The best known usage of military lances was that of the full-gallop closed-ranks and usually wedge-shaped charge of a group of knights with underarm-couched lances, against lines of infantry, archery regiments, defensive embankments, and opposition cavalry. It is commonly believed that this became the dominant European cavalry tactic in the 11th century after the development of the stirruped saddle (which prevented the charge from suddenly turning into a pole vault), and of rowel spurs (which enabled better control of the mount). Cavalry thus outfitted and deployed had a tremendous collective force in their charge, and could shatter most contemporary infantry lines. Recent evidence has suggested, however, that the lance charge could be (and was) effective without the benefit of stirrups.

One of the most effective pre-stirrup lanced cavalry units was Alexander the Great's Companion Cavalry, who were successful against both heavy infantry and cavalry units.

While it could still be generally classified as a spear, the lance tends to be larger - usually both longer and stouter and thus also considerably heavier, and unsuited for throwing, or for the rapid thrusting, as with an infantry spear. Lances did not have spear tips that (intentionally) broke off or bent, unlike many throwing weapons of the spear/javelin family, and were adapted for mounted combat. They were often equipped with a vamplate, a small circular plate to prevent the hand sliding up the shaft upon impact. Though perhaps most known as one of the foremost military and sporting weapons used by European knights, the use of lances was spread throughout the Old World wherever mounts were available. As a secondary weapon, lancers of the period also bore swords, maces or something else suited to close quarter battle, since the lance was often a one-use-per-engagement weapon; after the initial charge, the weapon was far too long, heavy and slow to be effectively used against opponents in a melee.

Because of the extreme stopping power of a thrusting spear, it quickly became a popular weapon of footmen in the Late Middle Ages. These eventually led to the rise of the longest type of spears ever, the pike. Ironically, this adaptation of the cavalry lance to infantry use was largely tasked with stopping lance-armed cavalry charges. During the 15th, 16th and 17th centuries, these weapons, both mounted and unmounted, were so effective that lancers and pike men not only became a staple of every Western army, but also became highly sought-after mercenaries.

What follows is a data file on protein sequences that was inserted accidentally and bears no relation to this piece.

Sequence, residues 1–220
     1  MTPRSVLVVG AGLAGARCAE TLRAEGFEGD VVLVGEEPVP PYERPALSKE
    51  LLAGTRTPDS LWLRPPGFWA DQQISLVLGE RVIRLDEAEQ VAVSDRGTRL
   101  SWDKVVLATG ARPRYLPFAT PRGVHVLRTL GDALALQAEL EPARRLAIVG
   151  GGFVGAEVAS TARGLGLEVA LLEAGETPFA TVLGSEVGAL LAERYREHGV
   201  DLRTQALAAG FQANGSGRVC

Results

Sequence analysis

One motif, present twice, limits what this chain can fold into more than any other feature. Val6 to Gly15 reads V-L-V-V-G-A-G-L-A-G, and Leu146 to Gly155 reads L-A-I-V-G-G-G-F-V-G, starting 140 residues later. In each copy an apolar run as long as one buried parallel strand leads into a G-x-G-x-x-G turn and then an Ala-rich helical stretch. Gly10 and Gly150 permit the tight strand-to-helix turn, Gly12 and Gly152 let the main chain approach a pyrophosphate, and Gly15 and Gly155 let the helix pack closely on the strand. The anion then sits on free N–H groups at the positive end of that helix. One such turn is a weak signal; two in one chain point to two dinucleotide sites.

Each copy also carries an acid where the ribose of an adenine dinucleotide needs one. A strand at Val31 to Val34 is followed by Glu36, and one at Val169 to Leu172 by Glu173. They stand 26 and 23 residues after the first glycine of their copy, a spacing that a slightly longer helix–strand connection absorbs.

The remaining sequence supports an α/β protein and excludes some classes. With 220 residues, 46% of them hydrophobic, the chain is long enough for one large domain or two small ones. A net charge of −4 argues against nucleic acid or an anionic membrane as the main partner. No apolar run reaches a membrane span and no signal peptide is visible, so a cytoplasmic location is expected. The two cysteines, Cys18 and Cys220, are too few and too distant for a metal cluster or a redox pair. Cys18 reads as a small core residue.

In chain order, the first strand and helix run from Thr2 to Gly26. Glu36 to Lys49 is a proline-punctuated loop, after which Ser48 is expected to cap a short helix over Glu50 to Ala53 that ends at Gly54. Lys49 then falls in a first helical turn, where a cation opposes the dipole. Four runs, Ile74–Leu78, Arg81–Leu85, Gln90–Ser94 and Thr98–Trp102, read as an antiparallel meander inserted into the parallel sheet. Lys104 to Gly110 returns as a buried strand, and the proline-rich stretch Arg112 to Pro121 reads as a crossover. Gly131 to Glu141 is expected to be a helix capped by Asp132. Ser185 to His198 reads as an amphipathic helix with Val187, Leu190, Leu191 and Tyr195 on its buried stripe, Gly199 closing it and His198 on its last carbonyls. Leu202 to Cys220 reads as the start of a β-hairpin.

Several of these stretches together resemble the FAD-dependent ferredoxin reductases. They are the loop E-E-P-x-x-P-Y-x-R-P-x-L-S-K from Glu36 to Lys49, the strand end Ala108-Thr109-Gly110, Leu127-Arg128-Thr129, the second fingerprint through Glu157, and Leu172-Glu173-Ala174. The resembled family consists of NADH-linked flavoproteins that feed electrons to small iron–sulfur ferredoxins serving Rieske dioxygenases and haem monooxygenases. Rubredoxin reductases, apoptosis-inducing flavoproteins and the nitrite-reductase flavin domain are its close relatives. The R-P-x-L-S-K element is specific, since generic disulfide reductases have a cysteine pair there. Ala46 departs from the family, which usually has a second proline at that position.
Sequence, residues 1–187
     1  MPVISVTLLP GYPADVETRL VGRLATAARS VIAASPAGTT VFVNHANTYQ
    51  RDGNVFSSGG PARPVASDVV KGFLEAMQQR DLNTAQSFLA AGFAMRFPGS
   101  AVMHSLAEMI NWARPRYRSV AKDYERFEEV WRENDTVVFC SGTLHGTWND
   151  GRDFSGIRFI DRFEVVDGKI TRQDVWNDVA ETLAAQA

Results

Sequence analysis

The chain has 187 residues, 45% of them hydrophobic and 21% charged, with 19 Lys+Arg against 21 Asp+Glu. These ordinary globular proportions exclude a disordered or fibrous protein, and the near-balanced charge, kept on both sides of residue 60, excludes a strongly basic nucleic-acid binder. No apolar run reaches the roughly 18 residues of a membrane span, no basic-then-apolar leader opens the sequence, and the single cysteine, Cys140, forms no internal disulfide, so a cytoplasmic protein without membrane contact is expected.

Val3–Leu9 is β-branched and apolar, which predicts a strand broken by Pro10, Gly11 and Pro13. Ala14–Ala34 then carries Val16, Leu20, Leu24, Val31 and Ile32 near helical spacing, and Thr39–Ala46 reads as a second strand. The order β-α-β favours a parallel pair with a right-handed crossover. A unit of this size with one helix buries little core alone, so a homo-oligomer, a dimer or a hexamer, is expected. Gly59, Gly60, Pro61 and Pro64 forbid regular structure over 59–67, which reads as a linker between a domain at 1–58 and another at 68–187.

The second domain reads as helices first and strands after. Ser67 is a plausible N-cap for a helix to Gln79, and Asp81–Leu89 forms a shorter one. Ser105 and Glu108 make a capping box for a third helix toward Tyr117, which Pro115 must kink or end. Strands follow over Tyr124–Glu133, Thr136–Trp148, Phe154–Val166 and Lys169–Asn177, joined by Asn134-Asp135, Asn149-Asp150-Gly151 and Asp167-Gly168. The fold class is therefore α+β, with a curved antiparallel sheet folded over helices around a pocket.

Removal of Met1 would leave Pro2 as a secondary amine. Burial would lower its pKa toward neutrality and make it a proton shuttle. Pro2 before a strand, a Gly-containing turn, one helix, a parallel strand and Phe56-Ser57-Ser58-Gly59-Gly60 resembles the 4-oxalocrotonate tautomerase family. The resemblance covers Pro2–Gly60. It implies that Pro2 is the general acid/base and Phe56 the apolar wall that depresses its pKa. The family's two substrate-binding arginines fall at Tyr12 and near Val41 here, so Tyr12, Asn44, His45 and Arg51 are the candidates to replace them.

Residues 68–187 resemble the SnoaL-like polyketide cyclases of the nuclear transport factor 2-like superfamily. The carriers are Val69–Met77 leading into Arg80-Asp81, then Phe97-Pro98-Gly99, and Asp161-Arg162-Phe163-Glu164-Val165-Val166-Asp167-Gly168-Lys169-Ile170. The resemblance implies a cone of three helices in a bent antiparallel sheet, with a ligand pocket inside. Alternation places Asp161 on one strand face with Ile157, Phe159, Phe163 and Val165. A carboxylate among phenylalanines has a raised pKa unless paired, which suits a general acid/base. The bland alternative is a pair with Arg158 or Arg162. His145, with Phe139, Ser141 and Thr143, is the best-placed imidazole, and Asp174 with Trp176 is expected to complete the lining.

In Europe, a jousting lance was a variation of the knight's lance which was modified from its original war design. In jousting, the lance tips would usually be blunt, often spread out like a cup or furniture foot, to provide a wider impact surface designed to unseat the opposing rider without spearing him through. The center of the shaft of such lances could be designed to be hollow, in order for it to break on impact, as a further safeguard against impalement. They were often 4 m long or longer, and had special hand guards built into the lance, often tapering for a considerable portion of the weapon's length. These are the versions that can most often be seen at medieval re-enactment festivals. In war, lances were much more like stout spears, long and balanced for one handed use, and with decidedly sharp tips.

The mounted lance saw a renaissance in the 18th century with the demise of the pike; heavily armoured cuirassiers used 2-3 m lances as their main weapons. They were usually used for the breakneck charge against the enemy infantry.

The Crimean War saw the most infamous though ultimately unsuccessful use of the lance, the Charge of the Light Brigade.

After the Western introduction of the horse to Native Americans, the Plains Indians also took up the lance, probably independently, as American cavalry of the time were sabre- and pistol-armed, firing forward at full gallop. The natural adaptation of the throwing spear to a stouter thrusting and charging spear appears to be an inevitable evolutionary trend in the military use of the horse, and a rapid one at that.

American cavalry and Canadian North Western Mounted Police used a fine lance as a flagstaff. In 1886, the first official musical ride was performed in Regina, this fine ceremonial lance plays a significant role in the choreography. The world's oldest continuous Mounted Police unit in the world, being the New South Wales Mounted Police, housed at Redfern Barracks, Sydney, Australia, carries a lance with a navy blue and white pennant in all ceremonial occasions.

During the Boer War, British troops successfully used the lance against the Boers in the first few battles, but the Boers adopted the use of trench warfare, machine guns and long range rifles. The combined effect was devastating, so that British cavalry were remodeled as high mobility infantry units ('dragoons') fighting on foot. It was not until the development of the tank in World War I that mounted attacks were once again possible, but its mechanical technology doomed both the horse cavalry and the lance.

"Lance" is also the name given by some anthropologists to the light flexible javelins (technically, darts) thrown by atlatls (spear-throwing sticks), but these are usually called "atlatl javelins". Some were not much larger than arrows, and were typically feather-fletched like an arrow, and unlike the vast majority of spears and javelins (one exception would be several instances of the many types of ballista bolt, a mechanically-thrown spear). Lance (unit organization): The small unit that surrounded a knight when we went into battle during the 14th and 15th centuries. A lance might have consisted of one or two squires, the knight himself, one to three men-at-arms, and possibly an archer. Lances were often combined under the banner of a higher ranking nobleman to form companies of knights that would act as an ad-hoc unit.

References

  • Delbrück, Hans. History of the Art of War, originally published in 1920; University of Nebraska Press (reprint), 1990 (trans. J. Renfroe Walter). Volume III: Medieval Warfare.

See also

External links